From Whisky by-products to Biofuel
2015 > Ongoing
Reduce greenhouse gas emissions, valorization of distilleries’ by-products.
A Scottish company patented a revolutionary technology recycling draff and pot ale into a biobutanol fuel which is 89% less polluting than fossil fuel.
The innovative process was researched over two years at the Biofuel Research Centre, which was established at Edinburgh Napier University in 2007 by Professor Martin Tangney, who is a world-authority in biobutanol production.
Due to the environmental pressures around carbon emissions, the economic pressures of high oil prices, and the desire of countries for security of energy supply, that there is huge interest in the potential production of biofuels.
At present most biofuel, especially bioethanol, is made from fermenting food crops which are grown specifically for the purpose. The economic viability and environmental advantages of this are questionable.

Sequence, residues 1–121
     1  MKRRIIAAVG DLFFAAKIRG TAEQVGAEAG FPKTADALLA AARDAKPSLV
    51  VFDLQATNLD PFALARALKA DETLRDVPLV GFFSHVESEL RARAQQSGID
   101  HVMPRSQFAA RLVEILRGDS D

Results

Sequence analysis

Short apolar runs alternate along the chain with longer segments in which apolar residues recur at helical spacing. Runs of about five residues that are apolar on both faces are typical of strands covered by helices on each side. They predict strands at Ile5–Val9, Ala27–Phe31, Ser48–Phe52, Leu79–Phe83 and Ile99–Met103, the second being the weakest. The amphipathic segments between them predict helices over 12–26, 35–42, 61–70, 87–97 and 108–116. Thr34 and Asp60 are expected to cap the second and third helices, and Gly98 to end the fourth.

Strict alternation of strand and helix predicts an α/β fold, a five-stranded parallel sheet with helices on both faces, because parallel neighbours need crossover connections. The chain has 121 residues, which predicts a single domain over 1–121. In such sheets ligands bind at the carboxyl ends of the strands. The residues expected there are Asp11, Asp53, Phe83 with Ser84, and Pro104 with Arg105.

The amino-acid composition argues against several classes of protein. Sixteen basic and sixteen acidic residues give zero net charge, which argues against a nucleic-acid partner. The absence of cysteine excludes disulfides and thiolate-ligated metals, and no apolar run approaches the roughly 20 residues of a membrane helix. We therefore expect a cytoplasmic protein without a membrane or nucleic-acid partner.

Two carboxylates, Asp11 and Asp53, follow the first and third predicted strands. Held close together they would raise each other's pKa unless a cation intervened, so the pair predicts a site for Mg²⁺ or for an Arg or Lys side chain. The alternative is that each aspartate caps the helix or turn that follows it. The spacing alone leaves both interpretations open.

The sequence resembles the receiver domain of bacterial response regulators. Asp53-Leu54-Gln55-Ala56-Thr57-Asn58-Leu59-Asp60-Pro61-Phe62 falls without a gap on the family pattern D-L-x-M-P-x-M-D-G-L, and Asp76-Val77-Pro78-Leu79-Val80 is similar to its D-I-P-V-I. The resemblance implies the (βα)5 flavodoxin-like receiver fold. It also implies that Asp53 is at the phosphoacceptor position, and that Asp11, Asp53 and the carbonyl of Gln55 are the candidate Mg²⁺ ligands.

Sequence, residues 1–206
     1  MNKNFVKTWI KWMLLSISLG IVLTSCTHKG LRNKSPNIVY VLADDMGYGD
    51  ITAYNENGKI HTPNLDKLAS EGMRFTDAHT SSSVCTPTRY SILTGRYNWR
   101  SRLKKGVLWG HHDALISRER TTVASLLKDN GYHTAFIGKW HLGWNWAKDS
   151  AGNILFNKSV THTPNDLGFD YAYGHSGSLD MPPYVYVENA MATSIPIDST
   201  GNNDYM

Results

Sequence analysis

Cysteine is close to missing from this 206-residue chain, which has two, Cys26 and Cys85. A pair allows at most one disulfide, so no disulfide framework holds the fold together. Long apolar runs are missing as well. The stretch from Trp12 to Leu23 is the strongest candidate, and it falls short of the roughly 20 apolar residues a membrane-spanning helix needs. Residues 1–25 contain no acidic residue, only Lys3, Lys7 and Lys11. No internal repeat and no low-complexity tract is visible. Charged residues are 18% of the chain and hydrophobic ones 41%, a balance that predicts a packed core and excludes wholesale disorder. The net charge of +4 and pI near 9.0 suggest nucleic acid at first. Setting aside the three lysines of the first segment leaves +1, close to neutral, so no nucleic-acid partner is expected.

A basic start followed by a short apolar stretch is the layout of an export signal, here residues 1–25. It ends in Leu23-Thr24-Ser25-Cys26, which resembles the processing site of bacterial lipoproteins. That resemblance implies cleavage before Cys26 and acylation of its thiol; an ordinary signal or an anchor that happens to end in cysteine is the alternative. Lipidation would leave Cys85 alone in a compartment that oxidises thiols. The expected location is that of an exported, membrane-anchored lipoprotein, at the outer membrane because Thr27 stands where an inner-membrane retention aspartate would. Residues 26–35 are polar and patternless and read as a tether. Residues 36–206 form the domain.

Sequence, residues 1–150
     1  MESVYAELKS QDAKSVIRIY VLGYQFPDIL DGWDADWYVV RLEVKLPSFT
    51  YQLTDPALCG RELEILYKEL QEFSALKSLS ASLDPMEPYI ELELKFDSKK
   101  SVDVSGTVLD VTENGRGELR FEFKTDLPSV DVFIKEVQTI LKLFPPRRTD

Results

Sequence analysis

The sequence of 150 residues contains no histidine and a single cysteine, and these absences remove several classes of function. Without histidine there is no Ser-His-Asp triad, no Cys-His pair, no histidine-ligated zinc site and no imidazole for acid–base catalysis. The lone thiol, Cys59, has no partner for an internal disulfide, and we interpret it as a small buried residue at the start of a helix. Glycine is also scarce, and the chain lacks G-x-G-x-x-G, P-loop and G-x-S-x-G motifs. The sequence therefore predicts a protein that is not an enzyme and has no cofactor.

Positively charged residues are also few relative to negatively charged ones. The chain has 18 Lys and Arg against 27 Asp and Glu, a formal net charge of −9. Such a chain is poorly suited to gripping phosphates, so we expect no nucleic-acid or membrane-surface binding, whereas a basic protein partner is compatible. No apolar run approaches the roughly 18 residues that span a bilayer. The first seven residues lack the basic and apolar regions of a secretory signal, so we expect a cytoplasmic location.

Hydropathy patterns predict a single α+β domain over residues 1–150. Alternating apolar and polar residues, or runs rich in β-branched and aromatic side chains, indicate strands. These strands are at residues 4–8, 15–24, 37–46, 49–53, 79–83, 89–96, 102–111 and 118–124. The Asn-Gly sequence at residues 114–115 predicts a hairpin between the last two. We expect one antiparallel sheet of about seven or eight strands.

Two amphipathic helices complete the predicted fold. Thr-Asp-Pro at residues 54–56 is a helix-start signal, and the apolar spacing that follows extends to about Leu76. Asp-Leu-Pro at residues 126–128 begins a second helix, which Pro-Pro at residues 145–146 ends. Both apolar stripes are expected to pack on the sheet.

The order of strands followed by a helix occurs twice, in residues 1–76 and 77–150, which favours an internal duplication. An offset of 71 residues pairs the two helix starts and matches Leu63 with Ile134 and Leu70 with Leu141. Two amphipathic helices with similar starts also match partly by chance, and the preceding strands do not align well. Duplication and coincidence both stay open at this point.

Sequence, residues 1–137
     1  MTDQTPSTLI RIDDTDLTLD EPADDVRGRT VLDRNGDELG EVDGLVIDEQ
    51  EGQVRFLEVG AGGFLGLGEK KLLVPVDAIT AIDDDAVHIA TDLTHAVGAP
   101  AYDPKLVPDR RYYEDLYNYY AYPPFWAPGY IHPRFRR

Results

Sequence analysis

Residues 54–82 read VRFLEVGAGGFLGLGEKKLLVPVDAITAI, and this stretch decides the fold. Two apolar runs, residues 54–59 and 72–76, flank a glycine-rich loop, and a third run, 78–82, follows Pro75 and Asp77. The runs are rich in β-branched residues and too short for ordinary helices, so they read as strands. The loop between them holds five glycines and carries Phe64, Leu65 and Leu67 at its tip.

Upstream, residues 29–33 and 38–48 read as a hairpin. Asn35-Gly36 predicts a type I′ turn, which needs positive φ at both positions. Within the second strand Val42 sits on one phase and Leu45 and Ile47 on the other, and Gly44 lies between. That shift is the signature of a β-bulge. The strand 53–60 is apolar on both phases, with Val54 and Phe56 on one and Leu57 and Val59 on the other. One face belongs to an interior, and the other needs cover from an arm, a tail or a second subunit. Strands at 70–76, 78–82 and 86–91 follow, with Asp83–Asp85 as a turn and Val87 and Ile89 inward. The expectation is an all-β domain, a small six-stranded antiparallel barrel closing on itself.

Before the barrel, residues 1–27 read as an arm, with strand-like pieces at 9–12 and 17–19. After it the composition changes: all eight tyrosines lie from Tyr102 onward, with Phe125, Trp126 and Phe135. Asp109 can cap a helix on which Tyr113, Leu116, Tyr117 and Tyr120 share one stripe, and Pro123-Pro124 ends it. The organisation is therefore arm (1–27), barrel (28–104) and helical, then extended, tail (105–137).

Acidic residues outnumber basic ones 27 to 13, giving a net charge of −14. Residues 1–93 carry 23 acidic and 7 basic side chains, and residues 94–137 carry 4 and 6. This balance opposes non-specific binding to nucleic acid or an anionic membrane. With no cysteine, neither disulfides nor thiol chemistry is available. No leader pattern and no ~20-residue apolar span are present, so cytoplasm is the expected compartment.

This technology uses bacteria able to convert the sugars xylose, arabinose and glucose into biofuels. The initial primary source of the by-products is from the Scotch Whisky Industry. Overall, the process produces 30% of acetone, 60% of butanol and 10% ethanol. All these chemicals can be used in the industry.
In the early phase, Tullibardine Distillery supplied the by-products.
The experiment was then scaled up to the Bio Base Europe (Belgium).
A number of Government departments and agencies such as UK department for Energy and the Scottish Government have supported this high-potential project.
A commercial-plant is planned in Scotland with the aim of process 100,000 tonnes of by-products/year.
Looking to the future, other plants will be built in regions where there is a concentration of distilleries and the concept is likely to be replicated across the world as the beer sector produces draff as well.
Celtic Renewables was named ‘Europe’s most innovative biotech SME’ in 2015.